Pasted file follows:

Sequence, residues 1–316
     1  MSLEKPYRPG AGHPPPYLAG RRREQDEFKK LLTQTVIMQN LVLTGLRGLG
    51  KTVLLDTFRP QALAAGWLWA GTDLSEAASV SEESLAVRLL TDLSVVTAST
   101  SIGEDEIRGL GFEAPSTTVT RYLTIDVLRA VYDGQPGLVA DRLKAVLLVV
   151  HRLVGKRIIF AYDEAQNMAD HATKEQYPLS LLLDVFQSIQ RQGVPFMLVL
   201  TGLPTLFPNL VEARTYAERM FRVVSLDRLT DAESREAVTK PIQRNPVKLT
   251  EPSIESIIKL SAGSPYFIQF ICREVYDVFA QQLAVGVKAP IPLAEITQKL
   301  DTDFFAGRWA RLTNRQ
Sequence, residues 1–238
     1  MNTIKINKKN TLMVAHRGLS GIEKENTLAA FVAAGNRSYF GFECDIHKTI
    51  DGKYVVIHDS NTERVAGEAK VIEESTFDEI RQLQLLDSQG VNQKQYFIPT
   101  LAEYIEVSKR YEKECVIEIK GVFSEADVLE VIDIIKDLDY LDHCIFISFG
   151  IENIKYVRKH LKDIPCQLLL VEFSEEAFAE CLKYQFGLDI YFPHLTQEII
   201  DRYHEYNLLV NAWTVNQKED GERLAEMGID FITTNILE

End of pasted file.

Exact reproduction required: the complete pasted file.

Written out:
Sequence, residues 1–316
     1  MSLEKPYRPG AGHPPPYLAG RRREQDEFKK LLTQTVIMQN LVLTGLRGLG
    51  KTVLLDTFRP QALAAGWLWA GTDLSEAASV SEESLAVRLL TDLSVVTAST
   101  SIGEDEIRGL GFEAPSTTVT RYLTIDVLRA VYDGQPGLVA DRLKAVLLVV
   151  HRLVGKRIIF AYDEAQNMAD HATKEQYPLS LLLDVFQSIQ RQGVPFMLVL
   201  TGLPTLFPNL VEARTYAERM FRVVSLDRLT DAESREAVTK PIQRNPVKLT
   251  EPSIESIIKL SAGSPYFIQF ICREVYDVFA QQLAVGVKAP IPLAEITQKL
   301  DTDFFAGRWA RLTNRQ
Sequence, residues 1–238
     1  MNTIKINKKN TLMVAHRGLS GIEKENTLAA FVAAGNRSYF GFECDIHKTI
    51  DGKYVVIHDS NTERVAGEAK VIEESTFDEI RQLQLLDSQG VNQKQYFIPT
   101  LAEYIEVSKR YEKECVIEIK GVFSEADVLE VIDIIKDLDY LDHCIFISFG
   151  IENIKYVRKH LKDIPCQLLL VEFSEEAFAE CLKYQFGLDI YFPHLTQEII
   201  DRYHEYNLLV NAWTVNQKED GERLAEMGID FITTNILE